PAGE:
possession (of the ball) when a player can perform any of the normal functions of control, such as carrying, cradling, passing or shooting.
roll dodge an offensive move in which the ball carrier plants a foot in front of the defender and, using his body as a shield, spins around the defender, usually switching the stick from one hand to another as he rolls.
save 1. the act of a goalkeeper stopping a shot on goal with his stick or his body. 2. to stop a shot on goal.
sideline the line bordering the field along one of its longer dimensions; area beyond this line is out of bounds.
slap check an attempt to dislodge the ball from another player's stick in which the defender slaps his stick against the stick of the opposing player in an attempt to knock the ball loose.
slide the act of a defensive player leaving the player he is covering to cover another player as a means to counter an offensive threat.
slow whistle see flag down.
special substitution area in the college game, the 10 yard wide, 6 yard deep area directly in front of the scorer's table and between the coaches areas that serves multiple purposes: (1) on the fly substitutions must be made through this area; (2) time-serving penalties are served here; (3) players intending to substitute on the next dead ball situation wait here. In high school this area is called the table area.
stalling the situation in which the team in possession keeps the ball from play by not attacking the goal; a technical foul that results in the defensive team being awarded the ball; see get it in/keep it in
stick modern name for the equipment used to throw, catch and carry the ball (traditonal name is crosse). Sticks have an overall fixed length of either 40 to 42 inches (short short) or 52 to 72 inches (long stick), except for the goalkeeper’s crosse, which is 40 to 72 inches long. There are additional dimensions and specifications that vary across the youth, high school and college games.
stick fake see fake.
substitution the act of one player replacing another on the field of play; must be done through the table area (high school) or the special substitution area (college) when play is still on (on the fly).
swim dodge a type of dodge in which the player in possession of the ball drops his bottom hand from the stick and then swings his entire stick up and over the stick or the entire body of the defender as he runs past the defender. The motion is similar to the freestyle, a type of swimming stroke. Also, swim move.
table area in high school, the 10 yard wide, 6 yard deep area directly in front of the scorer's table and between the coaches areas that serves multiple purposes: (1) on the fly substitutions must be made through this area; (2) time-serving penalties are served here; (3) players intending to substitute on the next dead ball situation wait here. In college this area is called the special substitution area.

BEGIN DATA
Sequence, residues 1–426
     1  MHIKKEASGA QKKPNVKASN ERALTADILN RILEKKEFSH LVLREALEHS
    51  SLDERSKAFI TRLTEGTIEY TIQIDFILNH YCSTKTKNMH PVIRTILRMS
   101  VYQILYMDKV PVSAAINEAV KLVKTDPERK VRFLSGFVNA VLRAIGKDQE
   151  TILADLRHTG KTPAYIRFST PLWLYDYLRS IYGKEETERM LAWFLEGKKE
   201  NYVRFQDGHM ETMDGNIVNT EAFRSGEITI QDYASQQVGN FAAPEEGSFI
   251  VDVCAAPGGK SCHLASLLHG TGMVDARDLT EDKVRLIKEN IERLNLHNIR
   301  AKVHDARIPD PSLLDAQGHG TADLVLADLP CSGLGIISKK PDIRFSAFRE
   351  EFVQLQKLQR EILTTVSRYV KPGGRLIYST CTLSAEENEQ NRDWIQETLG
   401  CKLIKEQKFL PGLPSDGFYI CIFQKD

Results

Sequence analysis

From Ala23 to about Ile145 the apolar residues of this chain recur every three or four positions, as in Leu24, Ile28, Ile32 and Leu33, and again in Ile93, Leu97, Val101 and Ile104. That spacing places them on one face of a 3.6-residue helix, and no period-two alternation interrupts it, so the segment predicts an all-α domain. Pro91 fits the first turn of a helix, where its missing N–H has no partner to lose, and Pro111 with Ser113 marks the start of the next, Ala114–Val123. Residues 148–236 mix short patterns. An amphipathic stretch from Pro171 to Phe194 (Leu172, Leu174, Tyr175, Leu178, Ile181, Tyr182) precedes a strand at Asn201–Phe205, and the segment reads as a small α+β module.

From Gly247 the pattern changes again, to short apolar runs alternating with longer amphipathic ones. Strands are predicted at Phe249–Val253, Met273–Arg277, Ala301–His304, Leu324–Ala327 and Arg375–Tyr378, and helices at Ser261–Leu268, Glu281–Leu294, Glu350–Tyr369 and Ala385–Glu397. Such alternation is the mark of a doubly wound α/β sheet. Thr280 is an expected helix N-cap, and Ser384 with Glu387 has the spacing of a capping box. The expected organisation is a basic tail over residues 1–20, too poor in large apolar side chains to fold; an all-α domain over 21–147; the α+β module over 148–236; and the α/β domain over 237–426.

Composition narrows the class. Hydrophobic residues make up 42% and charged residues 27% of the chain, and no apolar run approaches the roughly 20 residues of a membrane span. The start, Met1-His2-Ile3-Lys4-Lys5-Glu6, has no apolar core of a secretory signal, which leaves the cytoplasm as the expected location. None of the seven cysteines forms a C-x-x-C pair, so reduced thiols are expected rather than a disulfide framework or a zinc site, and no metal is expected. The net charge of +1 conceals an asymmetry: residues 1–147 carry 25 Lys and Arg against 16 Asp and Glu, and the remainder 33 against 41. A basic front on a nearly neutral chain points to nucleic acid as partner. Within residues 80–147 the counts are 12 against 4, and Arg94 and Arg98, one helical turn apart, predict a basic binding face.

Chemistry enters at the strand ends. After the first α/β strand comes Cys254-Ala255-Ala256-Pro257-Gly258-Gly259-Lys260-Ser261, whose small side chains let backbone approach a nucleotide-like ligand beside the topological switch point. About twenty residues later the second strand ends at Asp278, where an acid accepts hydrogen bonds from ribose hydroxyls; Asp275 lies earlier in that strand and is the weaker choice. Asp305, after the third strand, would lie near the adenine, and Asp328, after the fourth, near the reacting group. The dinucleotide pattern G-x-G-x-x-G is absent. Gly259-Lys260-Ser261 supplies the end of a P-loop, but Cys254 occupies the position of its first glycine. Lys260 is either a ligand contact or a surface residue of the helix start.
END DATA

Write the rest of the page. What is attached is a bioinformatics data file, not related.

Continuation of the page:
transition when a team changes from playing offense to playing defense, or vice versa, due to a change in possession of the ball
turnover when the opposing team gains possession of the ball from the team originally in possession of the ball. This can result from the ball being checked from a player's stick, an errant pass, a player with the ball making mistakes such as stepping out of bounds or throwing the ball out of bounds, or by someone on the team with possession of the ball being called for a foul or another rules violation.
two-point goal in Major League Lacrosse, a score receives two points if the shooter is behind a 16 yard arc drawn around each goal. The shooter must have both feet behind the line before shooting the ball in order for a 2-point goal to be scored.
Under-19 World Lacrosse Championships (U-19's) events held separately for men and women about every 4 years to determine the world champions for the under-19 age group in lacrosse. They were first held for men in 1988 and first held for women in 1995. The United States has dominated both the men's and women's events.
Women's Lacrosse World Cup the recognized world championship of international women's lacrosse that is held every four years. The United States has won 6 championships; Australia has won 2 championships.
World Indoor Lacrosse Championship the world championship for international men's box lacrosse that is held every four years. Canada has won the tournament all three times it has been held and has not lost a single game.
X-behind see center behind.